Consumer Guide to Individual Health Insurance
Approximately five percent of Americans do not get their health insurance coverage through an employer or through a government program, but instead purchase private individual coverage. Individual coverage is regulated differently by each state which can have a tremendous impact on the individual health insurance products available to consumers in each state. This guide helps explain some of the nuances involved with purchasing private individual health insurance coverage.
Consumer Guide to Group Health Insurance
The majority of Americans have group health insurance through their employer or the employer of a family member. Many people don’t realize that health insurance is issued differently for different types of employers, and that since insurance is regulated at the state level, health insurance requirements for different types of employers can vary significantly from state to state. This guide provides basic information about purchasing a group health insurance plan.
Consumer Guide to Continuation of Coverage
Millions of people who lose their group coverage due to a job change, divorce, job loss or other reason are able to keep their group coverage temporarily. There are several types of continuation coverage that individuals might be eligible for depending on the past employment situation and state of residence. This guide provides information about continuation of coverage options as well as the federal group-to-individual health insurance portability rights many people have.
Consumer Guide to Critical Illness Insurance
Critical Illness plans are designed to provide a source of income for the insured when they are diagnosed with a critical illness, such as cancer, heart attack, stroke, or renal failure. This insurance pays a cash benefit directly to the insured upon diagnosis of a covered condition. This guide provides an overview of critical illness insurance.
Consumer Guide to Disability Income Insurance
Disability Insurance is the industry name for a plan that provides for periodic payments of benefits when a disabled insured is unable to work. The insurance product is designed to replace anywhere from 45 to 65 percent of your gross income on a tax-free basis, should illness keep you from earning an income in your occupation.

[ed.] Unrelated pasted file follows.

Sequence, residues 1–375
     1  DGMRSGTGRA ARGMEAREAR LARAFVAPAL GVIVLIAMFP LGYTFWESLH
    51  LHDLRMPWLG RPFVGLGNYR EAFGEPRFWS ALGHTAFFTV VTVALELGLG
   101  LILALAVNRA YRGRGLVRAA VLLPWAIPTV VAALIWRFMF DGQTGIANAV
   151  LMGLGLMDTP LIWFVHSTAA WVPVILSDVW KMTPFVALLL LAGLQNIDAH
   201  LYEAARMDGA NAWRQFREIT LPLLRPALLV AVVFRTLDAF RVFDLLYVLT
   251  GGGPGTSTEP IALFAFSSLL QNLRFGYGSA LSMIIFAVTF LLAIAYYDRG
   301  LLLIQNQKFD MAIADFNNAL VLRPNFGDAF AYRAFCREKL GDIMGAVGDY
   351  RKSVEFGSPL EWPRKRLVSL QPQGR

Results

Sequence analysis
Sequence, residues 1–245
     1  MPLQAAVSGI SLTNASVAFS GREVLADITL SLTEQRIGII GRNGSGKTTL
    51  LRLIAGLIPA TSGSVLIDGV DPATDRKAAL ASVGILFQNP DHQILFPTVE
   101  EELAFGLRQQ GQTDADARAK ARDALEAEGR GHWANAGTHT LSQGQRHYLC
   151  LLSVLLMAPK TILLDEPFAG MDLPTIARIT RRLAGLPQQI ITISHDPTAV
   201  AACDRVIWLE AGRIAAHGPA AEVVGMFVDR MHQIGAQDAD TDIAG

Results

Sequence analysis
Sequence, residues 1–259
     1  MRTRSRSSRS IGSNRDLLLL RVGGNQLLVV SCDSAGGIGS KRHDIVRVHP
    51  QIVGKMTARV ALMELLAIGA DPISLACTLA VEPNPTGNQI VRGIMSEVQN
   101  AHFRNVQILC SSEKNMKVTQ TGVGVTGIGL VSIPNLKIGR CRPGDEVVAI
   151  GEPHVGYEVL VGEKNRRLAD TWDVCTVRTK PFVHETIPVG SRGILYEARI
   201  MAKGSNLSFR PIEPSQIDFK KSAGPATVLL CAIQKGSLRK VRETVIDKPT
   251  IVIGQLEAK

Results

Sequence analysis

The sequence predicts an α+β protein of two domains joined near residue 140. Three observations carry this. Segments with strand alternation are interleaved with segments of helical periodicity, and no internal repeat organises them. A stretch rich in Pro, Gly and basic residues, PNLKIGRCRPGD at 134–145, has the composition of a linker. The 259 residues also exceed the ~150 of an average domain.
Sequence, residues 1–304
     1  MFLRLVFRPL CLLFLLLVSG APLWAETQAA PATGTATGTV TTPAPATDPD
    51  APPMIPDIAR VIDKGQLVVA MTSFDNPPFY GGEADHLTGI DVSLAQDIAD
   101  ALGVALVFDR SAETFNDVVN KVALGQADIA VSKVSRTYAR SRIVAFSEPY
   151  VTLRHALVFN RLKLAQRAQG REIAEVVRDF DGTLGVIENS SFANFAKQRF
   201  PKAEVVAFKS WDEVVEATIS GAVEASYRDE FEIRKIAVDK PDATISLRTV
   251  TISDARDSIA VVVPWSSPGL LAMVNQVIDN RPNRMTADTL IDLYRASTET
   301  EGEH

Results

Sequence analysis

Consumer Guide to Health Savings Accounts (HSAs)
HSAs are an innovative way of paying for medical care in this country. HSAs are sold in conjunction with a qualified high-dedutible health insurance plan and are available for both individuals and employers. HSAs can help you save money on your medical care as well as provide a good way to save for future medical expenses. This guide provides much information about this new and innovative health insurance product.
Consumer Guide to Long-Term Care
Long-term care is the health industry term for care and related expenses associated with an extended illness or injury. Ninety-five percent of long-term care in the United States is custodial in nature and is not reimbursed by private insurance, disability income coverage or Medicare. However, consumers can purchase private long-term care insurance. This guide provides consumers with important information about this product.
Consumer Guide to Medicare
More than 40 million Americans receive health benefits through Medicare. Recent legislative and regulatory changes to the program, particularly concerning the coverage of prescription drugs, have many beneficiaries asking questions. NAHU’s new Medicare guide attempts to answer some of the more frequently asked questions about changes to the program.
Consumer Guide to Voluntary Products
Voluntary benefits, often referred to as Worksite Marketing products can be any type of additional benefit that is added to an employer’s menu of benefit options. These benefits may be provided through insurance products that can be classified as either core products or ancillary products.
Source: National Association of Health Underwriters (www.nahu.org)